Serologic and blood culture survey of Trypanosoma cruzi infection in four canine populations of southern Louisiana

Stephen C. Barr From the Department of Microbiology and Parasitology (Barr, Klei) and Veterinary Science (Dennis), College of Veterinary Medicine, Louisiana State University, Baton Rouge, LA 70803.

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 BVSc, PhD
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Vida A. Dennis From the Department of Microbiology and Parasitology (Barr, Klei) and Veterinary Science (Dennis), College of Veterinary Medicine, Louisiana State University, Baton Rouge, LA 70803.

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 PhD
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Thomas R. Klei From the Department of Microbiology and Parasitology (Barr, Klei) and Veterinary Science (Dennis), College of Veterinary Medicine, Louisiana State University, Baton Rouge, LA 70803.

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SUMMARY

Blood culture and serologic testing were used to study the prevalence of Trypanosoma cruzi infection in a group of 85 dogs from southern Louisiana rural environment. These dogs were known to have been in contact with wild mammalian hosts of the hemoflagellate. Results were compared with blood culture and serologic test results in 103 dogs from a rural environment and with limited known wild mammalian T cruzi host contact. Serologic test results for the 188 dogs from the rural environment were compared with results for 176 dogs from an urban animal shelter and for 100 household pet dogs from an urban southern Louisiana environment. Blood culture was not performed on urban dogs. Culture results were negative in all dogs from rural environments. Serologic evidence of infection was obtained for 4 of the 85 (4.7%) dogs of rural environment with known host contact. Of 176 dogs from the animal shelter, 4 (2.3%) had high antibody titer to T cruzi, and 11 others had low titer (< 2 adjusted elisa units [aEU]). Two and 4 dogs of the housed urban and rural groups, respectively, had antibody titer to T cruzi that was < 2 aEU. Results indicate that prevalence for exposure to T cruzi antigen is higher in dogs with high potential contact with the vector and wild mammalian hosts of T cruzi, whether they are from rural or urban environment. Furthermore, results indicate that similar studies on high-risk human populations may be indicated.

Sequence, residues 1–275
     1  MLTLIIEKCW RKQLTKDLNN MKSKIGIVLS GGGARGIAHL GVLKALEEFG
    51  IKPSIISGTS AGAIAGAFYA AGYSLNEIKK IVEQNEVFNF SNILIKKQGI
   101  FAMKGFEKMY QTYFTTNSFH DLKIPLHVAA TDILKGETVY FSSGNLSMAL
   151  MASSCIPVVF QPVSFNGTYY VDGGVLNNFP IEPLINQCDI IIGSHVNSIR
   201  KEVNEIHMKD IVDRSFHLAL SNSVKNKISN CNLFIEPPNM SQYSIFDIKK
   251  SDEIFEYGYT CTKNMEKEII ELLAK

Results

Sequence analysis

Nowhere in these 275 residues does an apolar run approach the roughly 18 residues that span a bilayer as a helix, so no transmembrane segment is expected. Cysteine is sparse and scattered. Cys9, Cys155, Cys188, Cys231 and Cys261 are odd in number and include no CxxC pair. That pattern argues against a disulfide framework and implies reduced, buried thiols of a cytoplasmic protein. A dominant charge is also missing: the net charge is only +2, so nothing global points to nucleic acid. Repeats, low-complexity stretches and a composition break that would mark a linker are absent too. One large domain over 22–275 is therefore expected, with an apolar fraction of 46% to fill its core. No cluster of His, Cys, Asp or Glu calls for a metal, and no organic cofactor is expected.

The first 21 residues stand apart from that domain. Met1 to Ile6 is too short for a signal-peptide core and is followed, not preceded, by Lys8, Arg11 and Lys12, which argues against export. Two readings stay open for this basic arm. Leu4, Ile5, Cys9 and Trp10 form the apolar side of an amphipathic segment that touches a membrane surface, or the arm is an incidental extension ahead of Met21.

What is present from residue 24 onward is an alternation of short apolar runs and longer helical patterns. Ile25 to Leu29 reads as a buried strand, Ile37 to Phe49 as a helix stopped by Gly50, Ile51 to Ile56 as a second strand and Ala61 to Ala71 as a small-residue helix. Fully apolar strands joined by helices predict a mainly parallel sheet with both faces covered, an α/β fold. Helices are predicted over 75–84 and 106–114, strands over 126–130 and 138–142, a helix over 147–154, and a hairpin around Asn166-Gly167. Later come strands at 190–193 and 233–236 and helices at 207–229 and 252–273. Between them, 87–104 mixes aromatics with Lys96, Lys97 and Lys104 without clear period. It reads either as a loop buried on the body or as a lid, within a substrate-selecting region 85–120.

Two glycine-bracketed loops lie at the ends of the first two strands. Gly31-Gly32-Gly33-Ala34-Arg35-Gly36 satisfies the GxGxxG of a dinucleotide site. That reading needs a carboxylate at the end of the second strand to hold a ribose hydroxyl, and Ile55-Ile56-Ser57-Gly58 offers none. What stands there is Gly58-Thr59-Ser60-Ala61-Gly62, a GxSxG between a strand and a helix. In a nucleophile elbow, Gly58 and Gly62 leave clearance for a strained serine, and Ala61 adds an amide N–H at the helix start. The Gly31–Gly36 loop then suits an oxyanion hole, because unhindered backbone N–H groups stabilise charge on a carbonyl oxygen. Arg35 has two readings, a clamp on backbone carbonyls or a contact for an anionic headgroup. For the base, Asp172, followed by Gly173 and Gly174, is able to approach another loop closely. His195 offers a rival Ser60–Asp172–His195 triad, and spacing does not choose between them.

SUMMARY

Blood culture and serologic testing were used to study the prevalence of Trypanosoma cruzi infection in a group of 85 dogs from southern Louisiana rural environment. These dogs were known to have been in contact with wild mammalian hosts of the hemoflagellate. Results were compared with blood culture and serologic test results in 103 dogs from a rural environment and with limited known wild mammalian T cruzi host contact. Serologic test results for the 188 dogs from the rural environment were compared with results for 176 dogs from an urban animal shelter and for 100 household pet dogs from an urban southern Louisiana environment. Blood culture was not performed on urban dogs. Culture results were negative in all dogs from rural environments. Serologic evidence of infection was obtained for 4 of the 85 (4.7%) dogs of rural environment with known host contact. Of 176 dogs from the animal shelter, 4 (2.3%) had high antibody titer to T cruzi, and 11 others had low titer (< 2 adjusted elisa units [aEU]). Two and 4 dogs of the housed urban and rural groups, respectively, had antibody titer to T cruzi that was < 2 aEU. Results indicate that prevalence for exposure to T cruzi antigen is higher in dogs with high potential contact with the vector and wild mammalian hosts of T cruzi, whether they are from rural or urban environment. Furthermore, results indicate that similar studies on high-risk human populations may be indicated.

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